Eze hotels, restaurants, and attractions

Just seven miles from Nice, Eze was built in the 9th century. The spectacular hill-top location which made it an ideal defensive strong-hold in those days, makes it an ideal vacation retreat today. The views of the Cote d’Azur from here are breathtaking.

If you don’t have a car, there’s both train and bus service from Nice to Eze. Cars aren’t allowed into the village, so if you do drive, you’ll need to park in the lot outside the town gates and walk in. If you take the train, which takes 20 from Nice, you’ll then take the shuttle from the train station up to the village.

With its medieval stone buildings, narrow lanes, beautiful tropical vegetation, and killer views, Eze Village is one of the most appealing towns in the Riviera. And it’s leafy squares, sparkling fountains, artists’ studios, boutiques, and galleries invite you to linger a while.

It’s wonderful to stay here, because you’ll have the village to yourself after the tourists have left. But you’ll need to either be well-off or foresighted. The affordable Eze hotel is booked way in advance.

Eze attractions.

There aren’t a lot of things to do in Eze, but there are a few interesting diversions. In order to avoid tour groups, it’s best to arrive early in the morning or late in the afternoon.

The Botanical Gardens are located above the village in the ruined ramparts of a 12th-century castle. There are more than 400 species of exotic plants here, as well as 360-views of the coast from the terrace. There’s a café serving light lunches if you get hungry.

Architecture buffs will enjoy the church of Notre Dame, which dates from 1772. And of course, the shopping in Eze is great. Provencal fabrics, objects made from olive wood, fresh herbs, lavender sachets, and soaps all make good souvenirs.

If you’re feeling ambitious and want some exercise, there are several trails in the area. You can hike up the trail to Mont Bastide or down the Nietzche pathway through groves of pine and olive trees to the spot where he finished Thus Spoke Zarathustra.

Eze hotels.

Chateau Eza truly is fit for royalty. The chateau was once the home of Prince William of Sweden. When you first enter the village of Eze, you’ll see two donkeys, which serve as the hotel’s porters. Perched on a 3,000-foot cliff that overlooks St-Jean-Cap-Ferrat, the hotel is located in a group of restored 13th-century buildings. Most of the ten rooms have private entrances off the winding, cobbled street, and they are intermingled with charming, cave-like boutiques. The rooms are furnished with fine rugs and tapestries, fine art, canopy beds, fireplaces, and balconies with to-die-for views. If you can’t afford to stay, you can enjoy the view by having a cocktail on the terrace. The restaurant has a Michelin star. Chateau Eza is a member of the Small Luxury Hotels group. It’s closed from October through March.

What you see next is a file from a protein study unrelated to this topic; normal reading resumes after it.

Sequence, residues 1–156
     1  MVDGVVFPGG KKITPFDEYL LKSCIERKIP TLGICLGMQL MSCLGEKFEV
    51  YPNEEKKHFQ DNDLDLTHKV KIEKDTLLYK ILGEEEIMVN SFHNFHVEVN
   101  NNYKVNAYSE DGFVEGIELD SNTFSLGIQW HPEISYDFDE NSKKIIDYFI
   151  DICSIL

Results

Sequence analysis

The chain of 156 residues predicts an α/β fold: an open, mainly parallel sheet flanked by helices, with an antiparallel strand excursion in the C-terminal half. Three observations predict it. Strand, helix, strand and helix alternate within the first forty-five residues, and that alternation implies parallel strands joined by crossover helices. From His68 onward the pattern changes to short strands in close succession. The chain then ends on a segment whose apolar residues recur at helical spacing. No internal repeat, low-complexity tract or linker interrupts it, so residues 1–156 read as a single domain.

Eze has the good fortune of having not one, but two world-class hotels. The second, Hostellerie du Chateau de la Chevre d’Or, is like a medieval village of its own, though part of it was actually built in the 1920s. Many of the 32 rooms and suites are located in small stone houses that are built into the cliffs. With stone walls, arched windows, wood beams, and fireplaces, they transport you to another era. There are three restaurants, running the gamut from marginally affordable to astronomical, a cliff-side swimming pool, tennis, and a fitness room. As a member of the Relais & Chateaux chain, Chateau de la Chevre d’Or offers impeccable service.

One of the most affordable hotels in Eze, La Bastide aux Camelias is a three-room bed and breakfast located in the park that borders the Grande Corniche. Rooms here are nicely decorated. But the real draw is the veranda where you can have your breakfast or an afternoon cocktail, and the swimming pool. There’s also a spa and Jacuzzi, and free parking.
Eze restaurants.

The best known restaurant in Eze, Le Troubadour has been a popular spot since the 1950s, when it was discovered by movie stars, artists, and race car drivers. The three dining rooms in the old house have open beams and creaky floors. The prix fixe menu is a good value and may include braised rabbit, squab, scallops, or John Dory. Reservations are essential.

If Le Troubadour is booked up, Loumiri is a good alternative. Near the entrance to the village, it offers Provencal classics, affordable wines, and great value for money.

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